9. So it would seem then that Marx did not really deny morality in the abstract philosophical sense because once you claim that one macro system is "better" in some way to another system, you have implicitly made some moral commitments. Therefore, I assume that (for purposes of this analysis) the "morality" that Marx rejected was the more narrow required behaviors within a given system.

    1. This is an interesting issue. Allen Wood deals with it by drawing a distinction between moral and non-moral senses of goodness and badness, and argues that Marx's disapproving characterization of this or that aspect of capitalism should be understood as the attribution to it of a non-moral kind of badness.

      The idea would be that it is (for example) bad for a human being to have the surplus value of his labor extracted from him, in something like the way it is bad for a tree to have its bark stripped off. (The example is mine, not Wood's.) But just as this fact about the tree is not a moral one (since trees aren't moral agents) neither is that fact about workers a moral one.

      However, from an Aristotelian point of view, the distinction between non-moral and moral senses of goodness in the case of human beings is dubious, and involves a shrinking of the domain of morality. Anything that is part of our flourishing has moral value in the relevant sense. And since Marx was a kind of eccentric Aristotelian, he could in theory have said the same, but he didn't. He's working with a modern philosophical context in which the very idea and grounds of morality came to seem problematic, so thinking of goodness and badness in moral terms seemed to him problematic. It's like he accepted the shrunken modern idea of morality as somehow concerned with just one aspect of human action, and since he found that idea problematic, chucked out morality as such rather than expanding the range of morality in the Aristotelian way that he himself had implicitly available in his essentialist and teleological premises.

    2. Interesting. I'll have to think about it more, but on the face of it the distinction seems arbitrary and ad hoc.

  10. But no one who denies free will has any business pouring contempt on religious believers, or on anyone else, for their alleged moral and rational failings. For if free will is an illusion, they can’t help what they do, any more than the rain can help falling.

    I suppose a superasshole could argue that he or she can't help hating them despite knowing that they are only operating according to nature because he is predestined to be a superasshole by nature as well.

    1. They could. Of course the belief that one has the ability to evaluate the question in an abstract and objective way (as your post assumes) would be an illusion as well.

      We could also say that we are actually in a computer simulation or that the world was created 5 minutes ago along with all your memories. None of the above could be proven wrong. In fact, any attempts to prove them wrong could be argued to be proof of the very thing denied. So why bother at all?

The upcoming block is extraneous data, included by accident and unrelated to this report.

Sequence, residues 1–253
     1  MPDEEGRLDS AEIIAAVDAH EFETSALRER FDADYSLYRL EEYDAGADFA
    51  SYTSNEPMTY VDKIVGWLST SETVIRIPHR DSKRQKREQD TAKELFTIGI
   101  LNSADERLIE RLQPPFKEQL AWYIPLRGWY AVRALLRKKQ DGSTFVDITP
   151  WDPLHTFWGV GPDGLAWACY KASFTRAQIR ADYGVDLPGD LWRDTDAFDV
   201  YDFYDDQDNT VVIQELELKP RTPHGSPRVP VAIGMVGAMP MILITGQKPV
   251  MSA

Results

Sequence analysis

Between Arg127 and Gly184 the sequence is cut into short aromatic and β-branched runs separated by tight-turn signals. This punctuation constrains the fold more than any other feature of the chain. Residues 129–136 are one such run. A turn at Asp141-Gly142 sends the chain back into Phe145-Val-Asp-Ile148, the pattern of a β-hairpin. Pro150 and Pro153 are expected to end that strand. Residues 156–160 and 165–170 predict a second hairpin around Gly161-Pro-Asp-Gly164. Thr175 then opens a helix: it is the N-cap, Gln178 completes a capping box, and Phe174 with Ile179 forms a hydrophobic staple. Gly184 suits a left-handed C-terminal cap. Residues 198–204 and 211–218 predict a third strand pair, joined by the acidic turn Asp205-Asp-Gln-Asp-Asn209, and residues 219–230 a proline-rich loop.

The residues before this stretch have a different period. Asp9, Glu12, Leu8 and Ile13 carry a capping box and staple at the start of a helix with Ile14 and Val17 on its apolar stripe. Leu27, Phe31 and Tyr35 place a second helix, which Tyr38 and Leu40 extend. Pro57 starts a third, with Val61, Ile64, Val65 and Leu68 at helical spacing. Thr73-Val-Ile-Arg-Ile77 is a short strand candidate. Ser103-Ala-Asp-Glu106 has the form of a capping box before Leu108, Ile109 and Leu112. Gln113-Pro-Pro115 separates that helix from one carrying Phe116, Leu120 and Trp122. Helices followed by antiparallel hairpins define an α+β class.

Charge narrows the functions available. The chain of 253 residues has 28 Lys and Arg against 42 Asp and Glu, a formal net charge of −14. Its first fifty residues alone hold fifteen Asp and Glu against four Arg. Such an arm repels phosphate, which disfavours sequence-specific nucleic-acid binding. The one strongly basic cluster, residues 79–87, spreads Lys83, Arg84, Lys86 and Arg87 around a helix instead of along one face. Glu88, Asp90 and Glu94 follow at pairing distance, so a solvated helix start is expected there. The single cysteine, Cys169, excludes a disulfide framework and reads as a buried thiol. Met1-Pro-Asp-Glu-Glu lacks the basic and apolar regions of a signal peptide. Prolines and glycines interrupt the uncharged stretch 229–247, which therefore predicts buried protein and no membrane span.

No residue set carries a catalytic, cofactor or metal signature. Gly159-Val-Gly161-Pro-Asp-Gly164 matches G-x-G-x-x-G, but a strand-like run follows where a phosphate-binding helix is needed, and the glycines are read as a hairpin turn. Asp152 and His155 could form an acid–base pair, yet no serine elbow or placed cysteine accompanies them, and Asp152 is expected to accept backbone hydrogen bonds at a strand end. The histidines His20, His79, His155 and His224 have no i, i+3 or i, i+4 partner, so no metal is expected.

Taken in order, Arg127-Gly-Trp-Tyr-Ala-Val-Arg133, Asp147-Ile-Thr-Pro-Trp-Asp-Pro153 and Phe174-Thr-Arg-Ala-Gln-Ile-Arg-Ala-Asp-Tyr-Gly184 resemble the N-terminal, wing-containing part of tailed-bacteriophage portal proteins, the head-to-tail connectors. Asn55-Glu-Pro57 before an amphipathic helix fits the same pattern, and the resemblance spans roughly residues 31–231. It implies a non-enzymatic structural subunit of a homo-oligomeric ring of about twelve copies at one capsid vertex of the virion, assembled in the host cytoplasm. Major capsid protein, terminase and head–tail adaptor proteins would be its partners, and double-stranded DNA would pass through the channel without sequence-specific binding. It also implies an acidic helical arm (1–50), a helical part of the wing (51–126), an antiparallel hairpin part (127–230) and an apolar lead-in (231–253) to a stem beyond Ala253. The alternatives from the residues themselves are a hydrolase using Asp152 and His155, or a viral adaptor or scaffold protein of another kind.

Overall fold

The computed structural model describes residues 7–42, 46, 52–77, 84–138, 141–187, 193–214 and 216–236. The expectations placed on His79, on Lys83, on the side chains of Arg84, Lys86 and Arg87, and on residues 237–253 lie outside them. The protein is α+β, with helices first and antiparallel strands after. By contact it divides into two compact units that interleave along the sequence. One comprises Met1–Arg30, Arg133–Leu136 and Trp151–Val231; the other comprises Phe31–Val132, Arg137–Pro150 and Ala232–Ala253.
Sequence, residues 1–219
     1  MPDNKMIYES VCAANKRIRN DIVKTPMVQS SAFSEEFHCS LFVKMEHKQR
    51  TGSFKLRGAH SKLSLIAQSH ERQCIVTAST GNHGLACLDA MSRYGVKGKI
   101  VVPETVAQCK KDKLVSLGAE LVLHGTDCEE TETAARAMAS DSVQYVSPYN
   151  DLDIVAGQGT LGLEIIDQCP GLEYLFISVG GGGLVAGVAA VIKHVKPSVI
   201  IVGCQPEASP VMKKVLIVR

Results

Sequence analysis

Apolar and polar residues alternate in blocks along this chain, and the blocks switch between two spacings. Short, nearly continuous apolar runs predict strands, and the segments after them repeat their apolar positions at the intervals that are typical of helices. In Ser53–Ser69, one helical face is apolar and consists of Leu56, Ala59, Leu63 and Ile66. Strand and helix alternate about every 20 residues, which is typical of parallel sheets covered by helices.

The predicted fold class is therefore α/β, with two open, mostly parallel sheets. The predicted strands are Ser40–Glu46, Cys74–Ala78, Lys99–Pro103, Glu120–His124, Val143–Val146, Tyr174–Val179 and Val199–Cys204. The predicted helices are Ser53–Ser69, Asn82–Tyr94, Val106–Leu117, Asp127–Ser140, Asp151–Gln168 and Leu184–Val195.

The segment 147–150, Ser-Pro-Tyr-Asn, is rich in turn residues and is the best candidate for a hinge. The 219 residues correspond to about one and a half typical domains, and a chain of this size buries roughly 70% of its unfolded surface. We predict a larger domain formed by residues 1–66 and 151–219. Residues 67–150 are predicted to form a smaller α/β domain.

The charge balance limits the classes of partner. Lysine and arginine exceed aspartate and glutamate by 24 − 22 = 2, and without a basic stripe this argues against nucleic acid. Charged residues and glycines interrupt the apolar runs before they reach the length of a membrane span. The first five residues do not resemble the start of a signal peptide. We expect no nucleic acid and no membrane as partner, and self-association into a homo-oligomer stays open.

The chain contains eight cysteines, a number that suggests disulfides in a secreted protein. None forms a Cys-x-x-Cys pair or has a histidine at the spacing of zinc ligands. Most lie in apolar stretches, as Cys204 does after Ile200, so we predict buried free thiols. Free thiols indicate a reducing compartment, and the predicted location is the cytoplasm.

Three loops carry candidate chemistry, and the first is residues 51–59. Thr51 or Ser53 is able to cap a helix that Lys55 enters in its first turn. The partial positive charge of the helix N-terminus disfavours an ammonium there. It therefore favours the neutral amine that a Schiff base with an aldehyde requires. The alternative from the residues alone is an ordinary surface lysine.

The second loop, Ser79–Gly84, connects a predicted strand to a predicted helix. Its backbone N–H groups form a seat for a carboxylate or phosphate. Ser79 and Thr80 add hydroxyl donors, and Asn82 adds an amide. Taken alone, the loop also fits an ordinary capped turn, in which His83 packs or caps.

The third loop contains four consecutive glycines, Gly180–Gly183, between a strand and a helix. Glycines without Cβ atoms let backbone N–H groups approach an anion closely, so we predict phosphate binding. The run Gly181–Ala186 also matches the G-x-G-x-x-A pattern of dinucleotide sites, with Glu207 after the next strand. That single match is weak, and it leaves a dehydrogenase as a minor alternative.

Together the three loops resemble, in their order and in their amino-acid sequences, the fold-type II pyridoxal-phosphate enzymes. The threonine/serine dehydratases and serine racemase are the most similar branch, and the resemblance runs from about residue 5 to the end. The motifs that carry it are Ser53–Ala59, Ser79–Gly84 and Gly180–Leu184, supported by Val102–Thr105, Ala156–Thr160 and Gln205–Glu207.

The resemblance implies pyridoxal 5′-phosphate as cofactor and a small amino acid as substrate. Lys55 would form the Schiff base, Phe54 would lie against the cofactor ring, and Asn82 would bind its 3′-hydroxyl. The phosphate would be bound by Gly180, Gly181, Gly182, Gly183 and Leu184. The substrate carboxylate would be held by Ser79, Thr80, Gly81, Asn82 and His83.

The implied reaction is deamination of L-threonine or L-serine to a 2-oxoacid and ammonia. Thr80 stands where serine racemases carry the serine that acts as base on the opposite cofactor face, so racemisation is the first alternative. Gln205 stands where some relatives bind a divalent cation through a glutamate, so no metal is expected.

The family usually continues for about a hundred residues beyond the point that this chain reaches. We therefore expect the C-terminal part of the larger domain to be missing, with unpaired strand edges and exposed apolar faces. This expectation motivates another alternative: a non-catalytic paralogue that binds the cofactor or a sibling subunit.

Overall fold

2. Balanced,
      Your quote goes to the heart of the key points Dr. Feser treats simplistically.

      Contempt, like fear, passion, pain, and the whole range of emotional and sensory experiences is a mechanism by which a complex system lacking in free will operates.

      Atheistic materialist morality is certainly coherent and not difficult to account for, as are our reactions to the actions of others, the judgements we pass on others, and the criminal penalties we impose on, well, criminals.

      Ultimately, yes, free will is an illusion and morality is relative. But we are such vastly complex mechanisms that there is a perception of a seeming free will and a sense that certain moral propositions simply are absolute, even though those assertions break down under careful analysis.

      Does a self drive car equipped with sophisticated sensors and artificial intelligence processing have free will? Clearly not, yet its behavior can be influenced and changed.

      For example, thousands of AI self drive cars can be networked together. Their "prime directive", as it were, is to drive from place to place without crashing. The cars can and will influence each other by communicating details of how crashes occur so that each car can learn how to avoid a crash under those circumstances.

      Suppose one networked AI self drive car goes a bit haywire, some of its circuits short out and it begins to drive erratically, endangering the other cars on the road. The majority of cars may well have "contempt" for the "bad" car and even take actions to isolate the "bad" car for the protection of all the other cars that agree to drive according to certain limits that have been calculated to be mutually beneficial.

      Sound far fetched? Hardly. Much of what I just described is already in place.

      Marx's sort of dialectical materialism is old, faulty, has some noble aspects, has some abhorrent aspects, and was easily co-opted by some of the worst tyrants of the last century.

      Dr. Feser's accompanying discussions of free will and atheistic morality are shallow and simplistic relative to a modern sophisticated accounting for morality on atheistic materialism absent free will.